When he became the starter in 2018, Mahomes took control of a loaded offense tailor-made for his stunning talent. Hill and Kelce were already stars. Kareem Hunt, before he was released for a domestic violence incident caught on video, was a top-level running back. Kansas City had all the complementary pieces as well, including a great offensive line. Mahomes was mesmerizing and supported. Four years later, Mahomes still has Kelce, but there is change all around them.

Mahomes is no longer the final, extraordinary piece commanding an offense that will go down in history. He is the system now. As it manages the salary cap, Kansas City will be forced to keep making difficult decisions and asking Mahomes to tweak his game to accentuate the talent it finds. This season, the Chiefs may not have a wide receiver finish with 1,000 yards; JuJu Smith-Schuster is on the bubble.

But Kelce remains an unguardable pass-catching tight end who substitutes for elite wideout productivity. And Mahomes has attacked the entire field instead of being fixated on throwing deep to Hill. As a result, the Chiefs have five players who have caught at least 25 passes. Four others have at least 12 receptions. Mahomes isn’t as greedy for the play as he seemed last season. He’s creating big plays now because teams are starting to fear he can beat them with all the little decisions he makes.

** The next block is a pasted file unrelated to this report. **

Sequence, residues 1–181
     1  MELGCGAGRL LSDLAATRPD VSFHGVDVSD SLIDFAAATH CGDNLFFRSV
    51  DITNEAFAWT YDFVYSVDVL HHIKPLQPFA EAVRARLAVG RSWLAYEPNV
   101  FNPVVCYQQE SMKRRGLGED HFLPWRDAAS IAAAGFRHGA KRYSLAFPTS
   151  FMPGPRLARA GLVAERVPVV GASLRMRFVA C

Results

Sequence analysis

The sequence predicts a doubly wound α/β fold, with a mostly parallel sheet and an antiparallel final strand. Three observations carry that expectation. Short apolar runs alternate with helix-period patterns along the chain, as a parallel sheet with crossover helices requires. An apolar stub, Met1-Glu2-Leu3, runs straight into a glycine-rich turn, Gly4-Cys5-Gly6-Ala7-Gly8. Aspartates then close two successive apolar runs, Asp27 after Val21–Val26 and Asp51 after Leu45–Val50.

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In the evolution of a star quarterback, it is an important epiphany. Many great ones never come to the realization that proper game management is the key to prolonged greatness. In between the highlight-reel plays, Mahomes is more efficient than ever. After that January loss to Cincinnati, he spent the offseason fine-tuning his fundamentals. He didn’t enter this season seeking revenge or wanting to prove himself without Hill. He cared mostly about improvement.

“You have to keep it in perspective,” said Mahomes, whose wife, Brittany, gave birth to their second child Monday. They named their son Patrick “Bronze” Mahomes III. “It’s a brand new season.”

Cincinnati quarterback Joe Burrow has tracked Mahomes’s progress. As a superstar also aiming to refine every small detail, he has been impressed.

“He’s been playing the best all year,” Burrow told reporters ahead of Sunday’s AFC championship game rematch. “There really hasn’t been a lot of people like him come through the game.”

And that’s coming from a player who looks like a historic figure as well. Burrow is the only of Mahomes’s peers — quarterbacks who came into the league during or after 2017, the year Mahomes was drafted — to have a winning head-to-head record. Burrow is 2-0 against Mahomes. The others are 5-29. Now, let’s remove Josh Allen, who is 2-3 against Mahomes and makes their matchup akin to the Tom Brady-Peyton Manning rivalry. That leaves all those other youngish quarterbacks with a 3-26 record against the NFL’s standard-bearer. The remaining three who have beaten Mahomes once: Lamar Jackson, Justin Herbert and Deshaun Watson.

That’s a core with several potential Hall of Famers early in their primes, all of them flashing rarely seen styles of play, and Mahomes stands out as a singular icon.

With a strong finish, Mahomes, just 27, could win his second MVP. Or maybe Jalen Hurts, who is worthy and a fresh face, beats him out if the Philadelphia Eagles have the league’s best record. It doesn’t matter, really. Mahomes is more than a single-season award. He is the sport’s most important player, and even as a humbling game works to limit him, he is getting stronger.